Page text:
But when Mr. Jenkins approached Charles Treadway, he heard a different opinion. “I’ve been with Rahall for years, and I’ve got to stick with Nick,” said Mr. Treadway, a laid-off miner.

He said Mr. Rahall was being blamed unfairly for the troubles of the coal industry. “I put it simply: All you’ve got to do is follow the money,” he said, adding that cheap natural gas prices were the reason many miners were out of work.

But the story never really tells reader what’s really going on:  Huge advertising campaigns, first by the coal industry and then by coal-backed candidates, have created such widespread fear — based on false descriptions of what’s really killing the mining industry — that coalfield residents will back any measure, action or candidate that they think might save jobs that simply aren’t going to be saved.


Retiring Sen. Jay Rockefeller did a pretty decent job of saying at least significant parts of this right in his major coal speech two years ago:

rockefellerspeechCarefully orchestrated messages that strike fear in the hearts of West Virginians and feed uncertainty about coal’s future are the subject of paid television ads, billboards, break room bulletin boards, public meetings, letters and lobbying campaigns.

A daily onslaught declares that coal is under siege from harmful outside forces, and that the future of the state is bleak unless we somehow turn back the clock, ignore the present and block the future.

West Virginians understandably worry that a way of life and the dignity of a job is at stake. Change and uncertainty in the coal industry is unsettling. But my fear is that concerns are also being fueled by the narrow view of others with divergent motivations – one that denies the inevitability of change in the energy industry, and unfairly leaves coal miners in the dust.

The reality is that many who run the coal industry today would rather attack false enemies and deny real problems than find solutions.

Journalism should do more to help readers connect these dots. It should tell the truth. And this particular New York Times story not only puts capturing some imagined “feel” of being “on the bus” with candidates or out in the country with voters ahead of doing the more important job of giving readers (voters) information vital to them doing their job in our democracy.

We need more stories like this one, by my very talented colleague David Gutman, explaining Rep. Shelley Moore Capito’s position on consumer protections in the banking industry. And like this one, in which I tried to recount for readers Rep. Capito’s voting record on coal-mine safety legislation. We need less journalism that simply book-ends the truth, or throws its hands in the air, saying it’s just too hard to sort something complicated out.

Obviously, the Times does a ton of really remarkable work.  And this story certainly isn’t alone in doing readers a disservice this election season.  But it’s hard to escape the feeling that Trip Gabriel was just dancing around the edges here, and not really holding candidates and campaigns accountable.  To read the story, it’s all just a horse-race, and campaign consultants and their ads deserve as much ink as experts and data.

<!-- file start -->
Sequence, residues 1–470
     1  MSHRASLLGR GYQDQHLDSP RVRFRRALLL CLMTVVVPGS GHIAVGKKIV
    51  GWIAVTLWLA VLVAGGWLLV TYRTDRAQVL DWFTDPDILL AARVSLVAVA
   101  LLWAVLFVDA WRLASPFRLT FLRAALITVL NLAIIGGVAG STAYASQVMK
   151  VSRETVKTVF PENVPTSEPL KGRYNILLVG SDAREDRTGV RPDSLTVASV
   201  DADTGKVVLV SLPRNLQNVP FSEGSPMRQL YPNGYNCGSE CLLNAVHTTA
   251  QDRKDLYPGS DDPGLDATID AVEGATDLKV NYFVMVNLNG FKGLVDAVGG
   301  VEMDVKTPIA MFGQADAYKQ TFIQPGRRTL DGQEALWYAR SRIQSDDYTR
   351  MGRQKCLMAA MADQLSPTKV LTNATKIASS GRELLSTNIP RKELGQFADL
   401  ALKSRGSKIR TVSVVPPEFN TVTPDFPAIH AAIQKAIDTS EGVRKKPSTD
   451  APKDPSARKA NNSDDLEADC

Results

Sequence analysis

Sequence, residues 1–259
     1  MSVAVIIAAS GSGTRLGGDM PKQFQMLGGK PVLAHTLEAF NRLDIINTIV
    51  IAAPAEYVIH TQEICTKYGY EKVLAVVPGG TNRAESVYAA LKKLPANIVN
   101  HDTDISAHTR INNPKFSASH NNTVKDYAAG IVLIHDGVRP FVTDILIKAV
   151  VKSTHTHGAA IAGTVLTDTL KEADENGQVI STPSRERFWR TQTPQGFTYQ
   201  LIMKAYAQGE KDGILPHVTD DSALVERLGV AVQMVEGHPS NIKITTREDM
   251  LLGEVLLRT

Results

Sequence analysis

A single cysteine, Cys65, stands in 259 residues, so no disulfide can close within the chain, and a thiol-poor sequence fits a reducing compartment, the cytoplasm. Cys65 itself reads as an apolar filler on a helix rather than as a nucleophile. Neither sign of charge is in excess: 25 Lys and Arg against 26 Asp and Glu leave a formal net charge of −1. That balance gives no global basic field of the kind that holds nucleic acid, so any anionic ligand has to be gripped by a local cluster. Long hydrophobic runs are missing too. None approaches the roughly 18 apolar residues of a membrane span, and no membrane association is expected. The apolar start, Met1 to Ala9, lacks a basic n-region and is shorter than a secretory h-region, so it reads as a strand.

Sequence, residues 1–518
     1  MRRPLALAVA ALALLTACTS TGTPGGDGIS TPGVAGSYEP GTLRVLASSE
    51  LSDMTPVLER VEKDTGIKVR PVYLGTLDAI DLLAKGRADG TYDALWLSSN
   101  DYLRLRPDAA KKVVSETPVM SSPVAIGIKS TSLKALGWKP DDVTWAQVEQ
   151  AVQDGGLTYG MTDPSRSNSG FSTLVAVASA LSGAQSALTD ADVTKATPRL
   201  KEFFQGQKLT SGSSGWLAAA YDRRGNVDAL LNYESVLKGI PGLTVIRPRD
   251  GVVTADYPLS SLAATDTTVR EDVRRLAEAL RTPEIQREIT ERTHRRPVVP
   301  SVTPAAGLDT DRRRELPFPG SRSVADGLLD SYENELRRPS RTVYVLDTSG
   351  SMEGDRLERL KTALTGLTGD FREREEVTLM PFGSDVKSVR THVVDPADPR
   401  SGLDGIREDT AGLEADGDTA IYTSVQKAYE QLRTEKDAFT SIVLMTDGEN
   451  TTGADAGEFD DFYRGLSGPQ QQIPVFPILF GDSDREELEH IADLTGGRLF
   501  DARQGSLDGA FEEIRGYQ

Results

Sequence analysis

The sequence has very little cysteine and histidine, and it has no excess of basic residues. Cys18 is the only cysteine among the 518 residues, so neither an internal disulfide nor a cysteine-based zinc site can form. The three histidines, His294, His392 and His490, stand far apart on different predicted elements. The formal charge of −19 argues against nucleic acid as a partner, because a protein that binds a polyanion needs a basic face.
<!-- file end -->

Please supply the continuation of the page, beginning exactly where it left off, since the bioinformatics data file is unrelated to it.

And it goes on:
A Times blog post headlined, Coal Country Candidates Agree: The E.P.A. Is the Enemy, does a little better job with this. It starts out:

In Appalachia, the first casualty of the “war on coal” is the truth about what is causing the steep decline in mining jobs … In two fierce races in Kentucky and West Virginia, Democrats and Republicans agree: The culprits are the Obama administration and its environmental regulations. But mining jobs have been disappearing there for decades. John F. Kennedy blamed “mechanization” for job losses while campaigning in West Virginia in 1960.

The reasons are complex and numerous. Coal from large surface mines in the West is cheaper to extract than Appalachian coal, and as power plants have installed antipollution “scrubbers,” the high-sulfur Western coal has became even more attractive.

The biggest driver of all is the fracking boom and its cheap natural gas, which has led power plants to covert from coal.

We recently asked the two West Virginia candidates if officials owe voters a more honest conversation. Their replies were similar:

Mr. Rahall: “People don’t want to sit down and talk about it when they’re trying to figure out how to put food on the table.”

Mr. Jenkins: “You can’t campaign and visit with coal miners and not come away with just a level of outrage over the war on coal.’’

These kinds of concrete, no-nonsense facts — In Appalachia, the first casualty of the “war on coal” is the truth about what is causing the steep decline in mining jobs — need to find their way into campaign stories, most clearly and more prominently. Because elections matter.